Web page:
Russian President Vladimir Putin could drag out the Ukraine crisis for months in an attempt to challenge Western unity, British Foreign Secretary Liz Truss said.
“There is currently no evidence the Russians are withdrawing from border regions near Ukraine,” Truss wrote in The Daily Telegraph newspaper. “The Russian military build-up shows no signs of slowing.”
“We must have no illusions that Russia could drag this out much longer in a brazen ploy to spend weeks more – if not months – subverting Ukraine and challenging Western unity,” Truss said.
At the same time, for NATO members, the most powerful measure against Russia were it to invade Ukraine would be U.S. sanctions cutting off Russian state banks from the dollar.
This is what Russian executives, bankers, and former senior U.S. sanctions officials have said.
The United States has warned that Russia could invade as early as this week. Moscow denies it has such plans but says the West needs to take its concerns about NATO expansion seriously.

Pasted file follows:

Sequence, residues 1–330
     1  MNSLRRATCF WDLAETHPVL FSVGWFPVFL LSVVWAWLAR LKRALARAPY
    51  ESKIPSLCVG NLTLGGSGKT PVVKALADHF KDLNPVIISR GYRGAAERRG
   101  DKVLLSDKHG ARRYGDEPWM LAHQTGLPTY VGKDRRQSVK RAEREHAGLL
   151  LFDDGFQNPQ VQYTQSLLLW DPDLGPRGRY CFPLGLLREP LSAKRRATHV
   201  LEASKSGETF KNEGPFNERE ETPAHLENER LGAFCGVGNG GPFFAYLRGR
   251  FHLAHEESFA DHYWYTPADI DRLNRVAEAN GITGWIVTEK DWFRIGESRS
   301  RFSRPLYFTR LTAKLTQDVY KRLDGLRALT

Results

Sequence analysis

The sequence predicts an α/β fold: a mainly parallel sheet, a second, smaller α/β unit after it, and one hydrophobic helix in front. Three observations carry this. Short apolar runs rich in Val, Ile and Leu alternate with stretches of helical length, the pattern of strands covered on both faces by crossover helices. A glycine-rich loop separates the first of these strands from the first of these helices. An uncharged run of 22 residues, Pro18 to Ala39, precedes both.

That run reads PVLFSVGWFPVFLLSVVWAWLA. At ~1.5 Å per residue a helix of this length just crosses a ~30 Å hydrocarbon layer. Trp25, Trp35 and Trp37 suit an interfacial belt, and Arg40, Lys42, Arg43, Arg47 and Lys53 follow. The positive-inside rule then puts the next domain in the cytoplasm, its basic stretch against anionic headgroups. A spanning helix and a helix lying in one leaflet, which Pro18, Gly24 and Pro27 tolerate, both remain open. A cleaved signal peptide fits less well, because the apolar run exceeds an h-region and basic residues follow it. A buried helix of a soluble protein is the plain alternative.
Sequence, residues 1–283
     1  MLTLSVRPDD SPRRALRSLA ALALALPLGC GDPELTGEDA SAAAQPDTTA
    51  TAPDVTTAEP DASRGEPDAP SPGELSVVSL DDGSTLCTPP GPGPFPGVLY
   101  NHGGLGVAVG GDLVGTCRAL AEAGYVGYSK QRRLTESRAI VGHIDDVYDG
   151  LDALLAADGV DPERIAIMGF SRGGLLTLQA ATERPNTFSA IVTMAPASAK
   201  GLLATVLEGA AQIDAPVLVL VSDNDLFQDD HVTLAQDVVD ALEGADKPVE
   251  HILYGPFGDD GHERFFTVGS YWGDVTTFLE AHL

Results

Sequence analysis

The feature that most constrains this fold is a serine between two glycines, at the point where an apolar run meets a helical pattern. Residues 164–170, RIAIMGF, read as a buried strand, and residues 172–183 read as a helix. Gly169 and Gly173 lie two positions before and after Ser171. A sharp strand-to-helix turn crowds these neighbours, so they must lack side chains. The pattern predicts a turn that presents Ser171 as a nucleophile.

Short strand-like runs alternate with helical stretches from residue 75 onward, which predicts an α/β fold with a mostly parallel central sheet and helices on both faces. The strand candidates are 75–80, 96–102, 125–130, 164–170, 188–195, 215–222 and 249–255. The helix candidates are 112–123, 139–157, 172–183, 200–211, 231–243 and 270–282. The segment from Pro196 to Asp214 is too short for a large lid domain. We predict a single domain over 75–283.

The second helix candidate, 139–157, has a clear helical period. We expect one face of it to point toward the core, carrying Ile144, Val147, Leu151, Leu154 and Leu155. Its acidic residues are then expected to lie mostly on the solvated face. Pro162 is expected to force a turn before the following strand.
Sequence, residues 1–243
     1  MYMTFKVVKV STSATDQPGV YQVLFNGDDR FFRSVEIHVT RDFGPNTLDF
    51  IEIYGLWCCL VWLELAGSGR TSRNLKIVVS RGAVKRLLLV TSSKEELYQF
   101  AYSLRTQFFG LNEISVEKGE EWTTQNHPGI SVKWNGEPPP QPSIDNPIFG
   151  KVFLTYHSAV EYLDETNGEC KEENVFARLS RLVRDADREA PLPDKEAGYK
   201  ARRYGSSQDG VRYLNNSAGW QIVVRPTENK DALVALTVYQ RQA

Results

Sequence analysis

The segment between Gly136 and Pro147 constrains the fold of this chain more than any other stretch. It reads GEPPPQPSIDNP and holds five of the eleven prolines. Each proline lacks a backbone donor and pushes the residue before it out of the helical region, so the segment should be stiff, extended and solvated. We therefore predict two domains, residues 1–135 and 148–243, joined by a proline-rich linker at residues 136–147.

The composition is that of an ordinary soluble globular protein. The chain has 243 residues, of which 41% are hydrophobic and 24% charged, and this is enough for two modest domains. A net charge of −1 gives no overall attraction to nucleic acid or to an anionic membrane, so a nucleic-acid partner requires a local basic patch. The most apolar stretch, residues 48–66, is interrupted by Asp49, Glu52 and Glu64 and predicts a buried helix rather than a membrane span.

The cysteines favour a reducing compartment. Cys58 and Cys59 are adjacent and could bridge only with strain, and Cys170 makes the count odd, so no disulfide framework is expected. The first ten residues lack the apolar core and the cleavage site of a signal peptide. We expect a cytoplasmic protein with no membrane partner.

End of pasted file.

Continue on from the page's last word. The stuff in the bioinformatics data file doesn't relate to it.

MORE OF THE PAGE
Washington, and its allies in Europe, are finalising an extensive package of sanctions if Russia were to launch an invasion according to U.S. and European officials.
The U.S. package would expand a technology export ban to include any goods made with U.S. components or software, as well as proposed sanctions against specific Russian billionaires. But sanctions experts say more than any other measure, aggressive action against Russia’s state banks would hit its economy the hardest.
“Banking sanctions are the most impactful measure the U.S. can carry out in the short term,” said Brian O’Toole, a former senior advisor to the director of the Office of Foreign Assets Control or OFAC in the U.S. Treasury Department, which designs and manages the implementation of sanctions.
Proposed sanctions against Russian banks would bar them from making any transactions in U.S. dollars, essentially freezing any dollar-denominated assets or liabilities held by the banks at home and abroad.